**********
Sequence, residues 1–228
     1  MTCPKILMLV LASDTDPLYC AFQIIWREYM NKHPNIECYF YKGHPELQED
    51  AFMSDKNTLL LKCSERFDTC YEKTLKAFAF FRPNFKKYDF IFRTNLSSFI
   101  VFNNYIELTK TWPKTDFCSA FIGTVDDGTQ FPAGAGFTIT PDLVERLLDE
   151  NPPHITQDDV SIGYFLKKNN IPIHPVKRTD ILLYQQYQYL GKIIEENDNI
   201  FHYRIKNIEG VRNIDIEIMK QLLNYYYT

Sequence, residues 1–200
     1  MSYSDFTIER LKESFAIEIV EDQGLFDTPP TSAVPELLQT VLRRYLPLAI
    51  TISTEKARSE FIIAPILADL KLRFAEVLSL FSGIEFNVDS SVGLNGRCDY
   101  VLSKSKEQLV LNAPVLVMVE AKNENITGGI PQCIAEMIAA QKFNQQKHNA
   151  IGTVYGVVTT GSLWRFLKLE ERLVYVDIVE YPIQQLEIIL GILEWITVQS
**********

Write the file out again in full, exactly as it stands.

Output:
Sequence, residues 1–228
     1  MTCPKILMLV LASDTDPLYC AFQIIWREYM NKHPNIECYF YKGHPELQED
    51  AFMSDKNTLL LKCSERFDTC YEKTLKAFAF FRPNFKKYDF IFRTNLSSFI
   101  VFNNYIELTK TWPKTDFCSA FIGTVDDGTQ FPAGAGFTIT PDLVERLLDE
   151  NPPHITQDDV SIGYFLKKNN IPIHPVKRTD ILLYQQYQYL GKIIEENDNI
   201  FHYRIKNIEG VRNIDIEIMK QLLNYYYT

Sequence, residues 1–200
     1  MSYSDFTIER LKESFAIEIV EDQGLFDTPP TSAVPELLQT VLRRYLPLAI
    51  TISTEKARSE FIIAPILADL KLRFAEVLSL FSGIEFNVDS SVGLNGRCDY
   101  VLSKSKEQLV LNAPVLVMVE AKNENITGGI PQCIAEMIAA QKFNQQKHNA
   151  IGTVYGVVTT GSLWRFLKLE ERLVYVDIVE YPIQQLEIIL GILEWITVQS